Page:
For Trump, the mocking press coverage (“Trump Rally Fizzles,” ran the New York Times headline) marked an end to five years of largely triumphant use of crowds. When he launched his campaign in 2015, Trump’s obsession with personal, physical crowds seemed almost antique. His rallies were somewhere between a tent revival and a rock concert, where he traded off the energy of people shouting back at him. They were unsettling to pundits, who doubted that the rallygoers were actual voters, but it was Trump who had the last laugh; the rallygoers turned out at the polls in November. And, in a sharp departure from previous presidents, Trump has made rallies part of a permanent campaign, complete with crowd chants of old favorites like “lock her up!” years after Hillary Clinton’s involuntary return to private life.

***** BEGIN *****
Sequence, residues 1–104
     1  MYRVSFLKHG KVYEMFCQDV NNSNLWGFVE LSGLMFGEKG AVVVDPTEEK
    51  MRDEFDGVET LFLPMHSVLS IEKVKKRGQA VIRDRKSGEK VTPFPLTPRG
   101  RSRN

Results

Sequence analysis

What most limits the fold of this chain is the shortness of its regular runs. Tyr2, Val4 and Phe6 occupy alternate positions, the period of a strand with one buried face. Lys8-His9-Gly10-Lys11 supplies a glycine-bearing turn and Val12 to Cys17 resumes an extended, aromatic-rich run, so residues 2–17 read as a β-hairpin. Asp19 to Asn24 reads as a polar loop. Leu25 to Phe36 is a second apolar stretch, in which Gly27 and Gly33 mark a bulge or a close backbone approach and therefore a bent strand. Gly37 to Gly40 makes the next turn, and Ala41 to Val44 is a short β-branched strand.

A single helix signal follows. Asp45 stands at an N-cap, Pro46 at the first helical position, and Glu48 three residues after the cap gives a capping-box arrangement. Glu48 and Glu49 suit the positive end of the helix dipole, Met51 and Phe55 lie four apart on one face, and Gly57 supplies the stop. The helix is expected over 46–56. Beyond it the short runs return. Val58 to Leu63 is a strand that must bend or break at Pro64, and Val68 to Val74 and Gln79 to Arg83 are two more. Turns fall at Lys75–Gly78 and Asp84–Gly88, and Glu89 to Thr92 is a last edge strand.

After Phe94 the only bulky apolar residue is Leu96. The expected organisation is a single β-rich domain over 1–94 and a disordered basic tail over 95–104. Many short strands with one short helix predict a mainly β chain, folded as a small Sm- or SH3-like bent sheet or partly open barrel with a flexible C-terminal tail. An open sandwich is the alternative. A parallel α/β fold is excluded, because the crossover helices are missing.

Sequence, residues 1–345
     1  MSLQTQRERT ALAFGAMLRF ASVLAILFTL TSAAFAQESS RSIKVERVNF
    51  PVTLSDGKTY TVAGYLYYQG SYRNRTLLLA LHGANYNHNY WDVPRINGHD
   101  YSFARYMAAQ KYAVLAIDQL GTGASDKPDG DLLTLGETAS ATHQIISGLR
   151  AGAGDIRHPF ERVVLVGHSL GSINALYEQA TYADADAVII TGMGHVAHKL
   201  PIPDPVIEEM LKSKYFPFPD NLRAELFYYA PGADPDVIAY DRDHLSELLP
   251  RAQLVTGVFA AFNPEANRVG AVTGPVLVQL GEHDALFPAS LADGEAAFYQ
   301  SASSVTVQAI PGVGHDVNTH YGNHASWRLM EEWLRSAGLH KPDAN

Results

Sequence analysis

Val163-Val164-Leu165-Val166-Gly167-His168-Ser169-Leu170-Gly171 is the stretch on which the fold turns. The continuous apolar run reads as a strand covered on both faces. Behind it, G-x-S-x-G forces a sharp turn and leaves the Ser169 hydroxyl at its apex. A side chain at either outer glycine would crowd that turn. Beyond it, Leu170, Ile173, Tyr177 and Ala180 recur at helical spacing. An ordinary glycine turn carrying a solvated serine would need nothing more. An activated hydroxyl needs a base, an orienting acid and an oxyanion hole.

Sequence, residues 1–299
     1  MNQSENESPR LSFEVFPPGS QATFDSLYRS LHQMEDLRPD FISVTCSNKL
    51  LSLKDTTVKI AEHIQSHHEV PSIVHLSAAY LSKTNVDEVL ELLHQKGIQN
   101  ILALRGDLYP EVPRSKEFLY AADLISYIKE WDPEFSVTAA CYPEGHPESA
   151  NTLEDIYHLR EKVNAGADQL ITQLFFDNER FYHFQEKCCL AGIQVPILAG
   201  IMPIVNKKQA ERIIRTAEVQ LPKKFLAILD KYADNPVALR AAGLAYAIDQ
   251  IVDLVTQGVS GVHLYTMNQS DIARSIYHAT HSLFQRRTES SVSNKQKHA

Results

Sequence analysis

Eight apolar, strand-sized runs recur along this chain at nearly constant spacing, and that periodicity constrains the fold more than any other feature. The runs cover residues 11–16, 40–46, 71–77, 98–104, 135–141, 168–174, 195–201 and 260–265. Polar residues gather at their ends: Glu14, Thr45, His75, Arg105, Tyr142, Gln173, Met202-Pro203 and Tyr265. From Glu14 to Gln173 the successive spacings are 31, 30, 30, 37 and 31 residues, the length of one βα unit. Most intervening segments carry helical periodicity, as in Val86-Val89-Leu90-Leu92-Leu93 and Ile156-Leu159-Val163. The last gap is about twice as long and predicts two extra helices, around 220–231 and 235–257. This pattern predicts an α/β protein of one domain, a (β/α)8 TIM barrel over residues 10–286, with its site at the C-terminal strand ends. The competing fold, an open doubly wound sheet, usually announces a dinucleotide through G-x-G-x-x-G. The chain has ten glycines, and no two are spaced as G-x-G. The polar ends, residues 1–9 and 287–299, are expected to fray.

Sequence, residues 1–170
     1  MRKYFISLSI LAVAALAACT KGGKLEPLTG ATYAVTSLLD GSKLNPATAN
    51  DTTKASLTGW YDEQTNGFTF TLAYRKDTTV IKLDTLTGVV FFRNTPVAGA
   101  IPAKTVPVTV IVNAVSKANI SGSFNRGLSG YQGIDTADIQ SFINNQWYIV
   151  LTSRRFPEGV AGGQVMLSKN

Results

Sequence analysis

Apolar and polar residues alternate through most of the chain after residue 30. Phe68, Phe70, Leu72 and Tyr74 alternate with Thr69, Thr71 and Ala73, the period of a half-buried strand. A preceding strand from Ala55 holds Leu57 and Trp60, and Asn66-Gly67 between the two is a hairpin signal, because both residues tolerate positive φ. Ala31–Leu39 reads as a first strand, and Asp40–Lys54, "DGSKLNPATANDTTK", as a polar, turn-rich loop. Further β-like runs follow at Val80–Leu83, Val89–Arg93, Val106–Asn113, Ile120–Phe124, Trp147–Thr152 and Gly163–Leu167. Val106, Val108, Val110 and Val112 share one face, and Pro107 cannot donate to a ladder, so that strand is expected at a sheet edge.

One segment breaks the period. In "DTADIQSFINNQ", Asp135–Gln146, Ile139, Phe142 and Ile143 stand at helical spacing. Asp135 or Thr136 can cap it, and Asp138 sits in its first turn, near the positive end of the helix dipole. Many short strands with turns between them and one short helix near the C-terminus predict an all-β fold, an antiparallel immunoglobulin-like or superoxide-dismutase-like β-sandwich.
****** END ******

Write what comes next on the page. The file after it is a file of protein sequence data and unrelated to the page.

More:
In another sense, however, the president’s insistence on his capacity to attract huge throngs has always loomed as a potential trouble spot. His first day in office—literally—was dominated by the spectacle of press secretary Sean Spicer demanding that the press disbelieve the obvious evidence that Trump had drawn less than an Obama-size inaugural crowd. (It was also evidence that Trump’s often casual relationship with reality would persist into his presidency.) And in bragging that he’d never had an empty seat at a rally, Trump was setting himself up for the kind of fall that Tulsa provided.